The first software company I worked for was called Vertigo Development Group. Named after the CEO’s favorite Hitchcock movie, the founders thought that being a “Group” made us sound bigger than we were. Unfortunately it made us think bigger than we were too. We had one division for servicing corporate clients like Standard and Poor’s and Pitney Bowes — blue chip clients any start up would give their eye teeth for. We had another division making consumer products for managing your money, studying for exams, or planning your career. This was a company of just thirty people — with a million good ideas.
Everyone wants creativity. It’s become the Holy Grail that companies seek in their employees, in their products and processes. Job interviews endlessly seek to find out: Are you creative? Will hiring you inject new thinking into our company? If people are cheaper in China, and more industrious in India, the thinking goes, then our competitive edge requires constant innovation, driven not by a crisis but by a stream of original thinkers.
Some companies find those original thinkers — and keep them. But then they encounter an unforeseen problem: What to do when there are too many ideas — or even (heaven forbid) too many good ideas? Smart young start ups, like Vertigo, overflow with ideas and opportunities. Because they’re fairly democratic companies, ideas bubble up from everyone: from the CEO to the receptionist, from engineers, marketers, and family members. Very few of the ideas are downright bad. This is a nice problem to have but it is still a problem. Because just as you can die of starvation, you can die from excess too. At Vertigo, we scarcely had the resources to deliver well on one good idea, never mind a dozen. We were spread way too thin.
It’s very hard to tell a bright, eager employee that their brilliant idea is brilliant — but you aren’t going to do it. You fear they will get discouraged, or worse, become disgruntled, cynical, or political. Which is what happened at Vertigo. Instead of saying no, the CEO, with the best will in the world, let a thousand flowers bloom. He thought he was being creative.
It’s a problem endemic, but not exclusive, to start ups. Because every business has constraints. The key to creativity is not to deny them and not to be afraid of them. Constraints are good. Far from limiting ideas, constraints provoke creativity and problem-solving. You just have to be very, very clear about what the constraints are and why. As I discovered when I started running my own companies, what you need is a litmus test.
To command our very limited time and resources, each new initiative had to go through a series of filters. Was this bright idea really consistent with the rest of our strategy? Would it build momentum? Wouldn’t it take more than it delivered? Did it have any demonstrable grounding in market data? How would we know if it had been successful? At first, many employees found this intensely annoying. Why not be creative and just say ‘yes’?
The litmus test helped me because it depersonalized the decision-making, making it less stressful and a lot faster. But even better, over time, as everyone came to understand it, the test considerably sharpened those creative minds eager to contribute bright ideas. Nine times out of 10, if an idea didn’t fly, employees realized it early, before getting too emotionally invested in their own idea. So they’d start again and come up with something better. They understood, from the outset, what could and couldn’t fly — and focused their efforts in areas that might work. A lot of mystique surrounds creativity, but those who’ve worked in industries where creativity is a daily requirement learn that imagination without discipline wastes everyone’s time. On the other hand, creativity with focus builds momentum, which becomes inspiring in itself.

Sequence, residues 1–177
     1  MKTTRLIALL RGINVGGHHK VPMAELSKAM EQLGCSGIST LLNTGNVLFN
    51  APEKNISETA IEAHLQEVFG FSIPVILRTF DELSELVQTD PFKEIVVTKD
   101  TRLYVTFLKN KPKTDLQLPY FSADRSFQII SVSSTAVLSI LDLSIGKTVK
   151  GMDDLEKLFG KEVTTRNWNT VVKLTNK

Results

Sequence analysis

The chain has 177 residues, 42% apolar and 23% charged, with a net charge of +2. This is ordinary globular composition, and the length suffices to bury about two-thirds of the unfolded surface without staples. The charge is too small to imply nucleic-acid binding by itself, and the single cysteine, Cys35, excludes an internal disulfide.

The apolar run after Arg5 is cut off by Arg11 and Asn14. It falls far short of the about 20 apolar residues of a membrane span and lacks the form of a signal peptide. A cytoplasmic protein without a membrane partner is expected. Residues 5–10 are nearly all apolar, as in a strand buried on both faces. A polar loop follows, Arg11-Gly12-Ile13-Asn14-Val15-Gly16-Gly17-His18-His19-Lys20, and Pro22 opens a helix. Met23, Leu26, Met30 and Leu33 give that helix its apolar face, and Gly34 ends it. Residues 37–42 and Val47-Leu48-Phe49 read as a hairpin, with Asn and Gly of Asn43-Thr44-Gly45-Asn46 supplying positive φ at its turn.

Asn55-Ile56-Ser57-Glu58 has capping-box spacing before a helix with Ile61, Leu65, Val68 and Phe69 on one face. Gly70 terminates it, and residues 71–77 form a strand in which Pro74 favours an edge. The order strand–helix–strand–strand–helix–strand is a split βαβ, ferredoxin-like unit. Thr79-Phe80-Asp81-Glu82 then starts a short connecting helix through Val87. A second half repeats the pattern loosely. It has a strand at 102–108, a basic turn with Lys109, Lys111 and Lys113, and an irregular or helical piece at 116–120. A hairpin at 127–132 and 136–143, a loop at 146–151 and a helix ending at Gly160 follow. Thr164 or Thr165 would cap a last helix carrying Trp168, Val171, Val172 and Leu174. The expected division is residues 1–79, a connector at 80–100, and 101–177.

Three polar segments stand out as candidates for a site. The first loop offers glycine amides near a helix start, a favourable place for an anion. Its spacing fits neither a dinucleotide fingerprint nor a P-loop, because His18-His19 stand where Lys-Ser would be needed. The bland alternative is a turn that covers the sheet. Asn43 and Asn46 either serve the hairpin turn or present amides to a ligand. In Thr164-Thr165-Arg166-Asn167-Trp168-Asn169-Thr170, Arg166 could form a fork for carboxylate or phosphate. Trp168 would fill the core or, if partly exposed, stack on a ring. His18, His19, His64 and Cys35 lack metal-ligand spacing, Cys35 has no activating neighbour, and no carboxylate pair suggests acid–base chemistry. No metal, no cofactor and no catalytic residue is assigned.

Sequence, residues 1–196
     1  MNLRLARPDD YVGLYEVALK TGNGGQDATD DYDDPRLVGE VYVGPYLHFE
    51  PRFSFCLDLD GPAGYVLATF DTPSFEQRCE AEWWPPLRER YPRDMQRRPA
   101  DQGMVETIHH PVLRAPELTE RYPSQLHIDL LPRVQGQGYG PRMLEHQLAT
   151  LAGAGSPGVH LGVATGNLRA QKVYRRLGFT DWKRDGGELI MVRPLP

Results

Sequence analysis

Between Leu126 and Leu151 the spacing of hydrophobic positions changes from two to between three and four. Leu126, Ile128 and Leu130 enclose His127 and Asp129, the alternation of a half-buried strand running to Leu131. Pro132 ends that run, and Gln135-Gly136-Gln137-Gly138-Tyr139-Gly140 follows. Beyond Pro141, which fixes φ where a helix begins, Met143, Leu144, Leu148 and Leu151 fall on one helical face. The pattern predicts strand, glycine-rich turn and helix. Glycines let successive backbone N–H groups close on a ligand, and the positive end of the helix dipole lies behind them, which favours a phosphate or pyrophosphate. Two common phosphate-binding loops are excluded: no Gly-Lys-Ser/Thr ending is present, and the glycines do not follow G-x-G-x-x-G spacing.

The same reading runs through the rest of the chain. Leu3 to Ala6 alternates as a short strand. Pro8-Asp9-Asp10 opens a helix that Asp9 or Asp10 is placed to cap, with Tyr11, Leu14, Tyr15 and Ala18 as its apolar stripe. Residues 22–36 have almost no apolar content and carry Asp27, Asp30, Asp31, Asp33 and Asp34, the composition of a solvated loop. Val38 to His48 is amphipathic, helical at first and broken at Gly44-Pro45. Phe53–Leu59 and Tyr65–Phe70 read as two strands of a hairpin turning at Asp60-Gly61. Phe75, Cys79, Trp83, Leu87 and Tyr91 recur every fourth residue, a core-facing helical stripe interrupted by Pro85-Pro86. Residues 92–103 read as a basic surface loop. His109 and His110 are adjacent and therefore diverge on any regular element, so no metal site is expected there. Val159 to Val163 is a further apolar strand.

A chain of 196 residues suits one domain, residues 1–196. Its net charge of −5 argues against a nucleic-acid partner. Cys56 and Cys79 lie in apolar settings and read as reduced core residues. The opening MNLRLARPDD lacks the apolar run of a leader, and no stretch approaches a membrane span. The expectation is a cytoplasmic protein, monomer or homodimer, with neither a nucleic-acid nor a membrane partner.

For leaders, defining and communicating the litmus test is key. If it isn’t well understood, it’s just a source of frustration. If it isn’t adhered to, it may as well not exist at all. But when it’s well articulated, the litmus test gives every manager one tool essential to creativity: the courage to say ‘no.’ Managers usually duck this unpleasant word because they’re afraid. They’re afraid creativity will wither on the vine. They’re afraid that they’re being uncreative. They’re afraid they may just have missed the next big thing. So they lose focus, waste resources and, ultimately, their kindness kills them.
In my last position at Vertigo Development Group, I was put in charge of consumer products. Eventually, I went to the CEO and urged him to close the division. We had a million ideas but no depth. No one inside or outside the business knew what we stood for. No gains in one division helped the other. But so many employees loved the products. He just couldn’t close it.
I later learned that the company’s investors categorized Vertigo as one of the “living dead” — a business with enough creativity to stagger on, but without the discipline ever to take off. The phrase haunted me then and it haunts me still. The company had been so creative, too creative. Without focus it was, eventually, nothing.
What applies to companies applies equally to individuals. At career crossroads, I’ll sit down and think of everything I could possibly do. Then I’ll figure out what the litmus test should be. Then the choices get easier — considerably. Sometimes, to be frank, it’s hard to say ‘no’ to myself (I can be pretty argumentative) but what works for companies works for careers too. The constraints drive focus and focus drives achievements.